“We need to have the highest level of expectation for something truly exceptional,” commented Council member Ross Litkenhous. “We need to add the word ‘innovative’ into this every chance we get. We don’t want a plain vanilla mixed use development.”
Councilman David Snyder added that the RFP “should include enough leeway for a ‘Hail Mary,’ an unexpected major corporate involvement.”
“We may get a ‘Hail Mary,’ a corporate headquarters, but we also may not,” added Council member Letty Hardi, who stressed the importance of getting as much public input into the process as possible. “We need to get more eyeballs on this,” she said, “To make sure we’re asking for the right things and all marching in the same direction.”
Shields said that the City has already received “a lot of feedback” that is “exciting,” echoing the report of Lee Goldstein, recently retained as the City’s project manager for the WFCEDP effort. Goldstein noted an effective presence at the recent heavily-attended luncheon meeting of the National Association for Industrial and Office Parks (NAIOP) at the Fairview Marriott, and ongoing marketing efforts leading up to the issuance of the RFP on March 1.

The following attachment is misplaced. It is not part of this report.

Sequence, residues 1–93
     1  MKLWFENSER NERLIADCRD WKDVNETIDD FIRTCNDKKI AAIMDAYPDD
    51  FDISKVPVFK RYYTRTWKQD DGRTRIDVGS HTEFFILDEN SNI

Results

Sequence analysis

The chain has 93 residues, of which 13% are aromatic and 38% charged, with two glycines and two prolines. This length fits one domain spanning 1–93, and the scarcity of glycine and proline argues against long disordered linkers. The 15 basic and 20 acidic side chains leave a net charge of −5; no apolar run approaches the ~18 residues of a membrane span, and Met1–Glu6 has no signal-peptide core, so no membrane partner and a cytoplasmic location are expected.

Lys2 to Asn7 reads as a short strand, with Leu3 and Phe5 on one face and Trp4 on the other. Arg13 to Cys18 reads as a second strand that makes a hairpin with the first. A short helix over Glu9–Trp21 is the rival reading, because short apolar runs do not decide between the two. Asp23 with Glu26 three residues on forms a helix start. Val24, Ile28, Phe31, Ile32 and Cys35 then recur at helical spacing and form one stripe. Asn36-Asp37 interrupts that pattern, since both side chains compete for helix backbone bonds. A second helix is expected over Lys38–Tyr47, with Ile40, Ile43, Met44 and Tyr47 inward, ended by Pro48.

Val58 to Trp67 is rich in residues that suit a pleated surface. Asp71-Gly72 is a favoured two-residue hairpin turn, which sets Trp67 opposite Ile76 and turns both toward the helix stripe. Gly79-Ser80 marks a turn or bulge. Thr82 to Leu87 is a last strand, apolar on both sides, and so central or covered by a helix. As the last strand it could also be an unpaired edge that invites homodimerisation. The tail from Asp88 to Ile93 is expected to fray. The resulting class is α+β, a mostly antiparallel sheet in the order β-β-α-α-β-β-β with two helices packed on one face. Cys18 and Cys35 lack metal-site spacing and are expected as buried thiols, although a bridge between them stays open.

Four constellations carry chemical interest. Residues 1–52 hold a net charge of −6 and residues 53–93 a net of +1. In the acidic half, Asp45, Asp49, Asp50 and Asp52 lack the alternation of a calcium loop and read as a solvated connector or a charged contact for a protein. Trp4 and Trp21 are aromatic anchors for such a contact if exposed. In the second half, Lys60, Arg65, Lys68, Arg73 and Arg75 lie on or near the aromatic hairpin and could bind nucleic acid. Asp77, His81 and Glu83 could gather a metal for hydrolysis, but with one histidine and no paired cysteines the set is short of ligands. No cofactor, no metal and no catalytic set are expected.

There will be a meeting of the new Campus Coordinating Committee of City and School officials on Feb. 23, and a forum to provide an update for citizens will be held on March 15.
As for the School Board’s RFP that will be finalized next week for the three bidders who will be finalists for the project, Superintendent Peter Noonan reported Tuesday that revisions now being considered arose from the well-attended public forum on Jan. 28 at the Community Center.
From that, suggestions about the performing arts, including the auditorium size, the athletic department, parking and transportation, green space and tree canopy, preserving legacy, community uses, “net zero” sustainability and LEED gold may be included in a revised RFP for the School Board to adopt next week.